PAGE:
R.G.M. Nisbet and Margaret Hubbard, A Commentary on Horace: Odes, Book I
(1970; rpt. Oxford: Clarendon Press, 2001), pp. 241-242 (on 1.19.12):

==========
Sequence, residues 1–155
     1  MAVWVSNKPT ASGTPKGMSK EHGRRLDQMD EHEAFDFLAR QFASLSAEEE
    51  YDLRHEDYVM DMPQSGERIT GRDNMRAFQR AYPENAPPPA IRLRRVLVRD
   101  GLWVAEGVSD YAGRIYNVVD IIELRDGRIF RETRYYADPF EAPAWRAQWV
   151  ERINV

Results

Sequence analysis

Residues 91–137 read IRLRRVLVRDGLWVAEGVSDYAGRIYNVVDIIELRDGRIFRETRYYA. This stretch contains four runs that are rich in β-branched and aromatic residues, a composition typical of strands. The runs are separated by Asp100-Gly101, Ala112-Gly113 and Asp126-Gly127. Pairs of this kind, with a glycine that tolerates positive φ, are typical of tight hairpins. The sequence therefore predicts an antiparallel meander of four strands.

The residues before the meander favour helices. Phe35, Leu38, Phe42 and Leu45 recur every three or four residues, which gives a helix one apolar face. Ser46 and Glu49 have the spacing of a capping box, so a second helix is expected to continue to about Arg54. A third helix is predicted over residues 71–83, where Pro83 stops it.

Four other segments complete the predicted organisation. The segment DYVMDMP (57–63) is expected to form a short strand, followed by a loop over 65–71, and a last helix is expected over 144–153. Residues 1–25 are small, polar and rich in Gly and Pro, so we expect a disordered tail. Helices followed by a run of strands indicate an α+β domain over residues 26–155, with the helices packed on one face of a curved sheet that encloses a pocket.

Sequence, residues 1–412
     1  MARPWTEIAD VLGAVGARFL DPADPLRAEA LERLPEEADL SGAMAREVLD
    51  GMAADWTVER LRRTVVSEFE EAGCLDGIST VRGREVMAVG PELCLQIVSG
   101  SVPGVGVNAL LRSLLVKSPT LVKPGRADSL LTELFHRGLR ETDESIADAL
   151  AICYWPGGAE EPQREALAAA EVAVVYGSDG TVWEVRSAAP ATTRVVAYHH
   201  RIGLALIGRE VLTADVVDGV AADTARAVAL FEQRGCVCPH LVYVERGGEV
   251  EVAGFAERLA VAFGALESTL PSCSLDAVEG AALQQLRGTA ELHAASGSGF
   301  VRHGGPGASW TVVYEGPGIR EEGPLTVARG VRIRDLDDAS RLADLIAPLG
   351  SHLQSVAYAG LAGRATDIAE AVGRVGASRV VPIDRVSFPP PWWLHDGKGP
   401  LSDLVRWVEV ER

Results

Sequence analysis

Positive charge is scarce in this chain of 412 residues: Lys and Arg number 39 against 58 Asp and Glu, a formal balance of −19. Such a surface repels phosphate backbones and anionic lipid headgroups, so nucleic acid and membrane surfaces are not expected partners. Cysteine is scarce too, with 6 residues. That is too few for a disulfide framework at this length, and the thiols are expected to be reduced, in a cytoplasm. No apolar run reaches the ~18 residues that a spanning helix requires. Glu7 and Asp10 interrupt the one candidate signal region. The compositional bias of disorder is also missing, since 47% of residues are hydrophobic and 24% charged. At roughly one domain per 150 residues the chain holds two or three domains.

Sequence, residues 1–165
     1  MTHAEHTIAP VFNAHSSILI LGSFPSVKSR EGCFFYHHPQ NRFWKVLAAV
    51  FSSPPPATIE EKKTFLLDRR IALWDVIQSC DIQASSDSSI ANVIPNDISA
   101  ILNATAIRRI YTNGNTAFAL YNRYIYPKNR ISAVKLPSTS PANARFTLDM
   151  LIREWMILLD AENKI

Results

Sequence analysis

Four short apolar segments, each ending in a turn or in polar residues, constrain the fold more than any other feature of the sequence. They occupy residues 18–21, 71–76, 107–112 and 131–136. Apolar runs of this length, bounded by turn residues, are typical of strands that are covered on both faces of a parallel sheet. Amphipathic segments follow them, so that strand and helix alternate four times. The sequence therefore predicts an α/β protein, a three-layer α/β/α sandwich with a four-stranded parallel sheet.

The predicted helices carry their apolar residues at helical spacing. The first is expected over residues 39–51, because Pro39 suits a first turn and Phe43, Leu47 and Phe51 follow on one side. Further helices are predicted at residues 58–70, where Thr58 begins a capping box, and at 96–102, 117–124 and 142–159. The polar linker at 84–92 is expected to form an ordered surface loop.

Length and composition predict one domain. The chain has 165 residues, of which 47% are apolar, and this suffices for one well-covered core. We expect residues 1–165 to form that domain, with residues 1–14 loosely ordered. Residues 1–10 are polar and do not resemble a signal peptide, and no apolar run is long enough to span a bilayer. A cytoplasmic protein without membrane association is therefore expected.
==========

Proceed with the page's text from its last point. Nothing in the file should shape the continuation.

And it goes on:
Parthum: the collective singular is an old construction in Latin; Varro mentions that 'Romanus sedendo vincit' was a 'vetus proverbium' (rust. 1.2.2). It seems to have been both archaic and colloquial, and is consequently affected by the historians (except Sallust) and avoided by Cicero (except in his letters); cf. K.-S. 1.67f, K.-G. 1.14, H.-Sz. 13f., Norden on Virg. Aen. 6.851, and especially Löfstedt, Syntactica I2.12ff. It is particularly common in military contexts, where it is convenient to think of a mass rather than a collection of individuals. A refusal to individualize is especially useful when thinking of enemies, and hostis and the names of hostile peoples are consequently very often employed in the singular. Cf. also Rose Macaulay, Staying with Relations, p. 19 'Squealings and tramplings came from the forest on the left. Isie said, "Plenty of pig in there." And Catherine surmised, from her use of the singular number, that she would fain pursue these animals and take their lives.'